Ford's Mercury brand reportedly hopes to change its image as the car retirees might buy, with new US advertising geared toward the smart woman driver.

According to Reuters, Mercury has introduced four television commercials for its new Montego sedan and Mariner sports utility vehicle under the tagline "New Doors Opened," its biggest brand campaign in at least a decade.

Mercury has struggled to define itself as a brand for decades and in recent years, lost ground to foreign automakers filling in the niche between entry-level and luxury vehicles. Company executives cite 12 attempts to create an encapsulating slogan for its cars over the last 25 years, the report noted.

"Our sweet spot is (women) from 35 to 50 years old," Mercury marketing communications manager Tom Grill told Reuters. "When people say Mercury right now ... it's a slightly older demographic. We're trying to introduce people to Mercury again."

The news agency said a revival will be hard won for Mercury, whose sales dropped 23% last year and 1% to the end of July.

Consumers most often put the Mercury name at the top of a "stodgy" brands list, Art Spinella, president of CNW Marketing Research, told Reuters.

In one of the new ads, a young husband and wife adopt outlandish tactics to get out of the house early in the morning, each vying to claim the wheel of their Mercury Mariner. A second commercial shows a woman dumping her date in the rain after he disparages "women drivers", the report said, adding that the ads play to several versions of a song created for Mercury by Grammy-award winning singer Paula Cole. Mercury works with ad agency Y&R Brands, part of WPP Group.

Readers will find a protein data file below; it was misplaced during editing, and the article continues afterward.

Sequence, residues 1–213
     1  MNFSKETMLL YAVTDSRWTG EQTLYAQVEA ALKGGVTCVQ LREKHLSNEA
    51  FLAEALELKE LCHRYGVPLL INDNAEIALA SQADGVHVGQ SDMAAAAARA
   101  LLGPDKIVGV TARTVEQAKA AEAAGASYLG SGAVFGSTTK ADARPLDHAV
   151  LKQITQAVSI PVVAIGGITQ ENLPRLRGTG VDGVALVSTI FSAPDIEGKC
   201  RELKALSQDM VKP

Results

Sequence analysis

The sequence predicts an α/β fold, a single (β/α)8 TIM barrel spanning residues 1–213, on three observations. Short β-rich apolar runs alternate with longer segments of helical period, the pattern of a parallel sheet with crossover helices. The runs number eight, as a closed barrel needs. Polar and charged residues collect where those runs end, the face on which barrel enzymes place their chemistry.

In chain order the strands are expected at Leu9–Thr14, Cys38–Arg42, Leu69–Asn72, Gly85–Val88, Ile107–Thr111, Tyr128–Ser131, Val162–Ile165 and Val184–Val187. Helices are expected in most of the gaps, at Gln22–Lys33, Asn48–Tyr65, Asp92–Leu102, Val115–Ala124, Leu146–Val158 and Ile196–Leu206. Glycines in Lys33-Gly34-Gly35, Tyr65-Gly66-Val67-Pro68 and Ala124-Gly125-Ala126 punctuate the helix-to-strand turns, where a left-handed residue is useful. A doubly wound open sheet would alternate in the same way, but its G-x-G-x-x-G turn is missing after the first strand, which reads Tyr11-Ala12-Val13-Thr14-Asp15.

Reuters said Mercury spent nearly 25% of its campaign budget on online advertising and customer events, a sign of how automakers are shifting a large part of their spending away from television as consumers devote more time to the internet.

Company officials reportedly did not reveal the cost of the campaign.

Mercury has also unveiled its entry-level 2006 Milan sedan, geared toward younger consumers, part of a range of six new vehicles to be introduced over four years, the report said.

Spinella told Reuters consumers polled by CNW on average say they could envision buying a Mercury car at the age of 46, compared with 25 for General Motors' revamped Cadillac brand.

Mercury has done little to distinguish itself from Ford models, he told the news agency. "Their one advantage is that women tend to be really neutral regarding the Mercury brand while most men are very polarised about it," Spinella said. Appealing to women "is probably the best tack to take."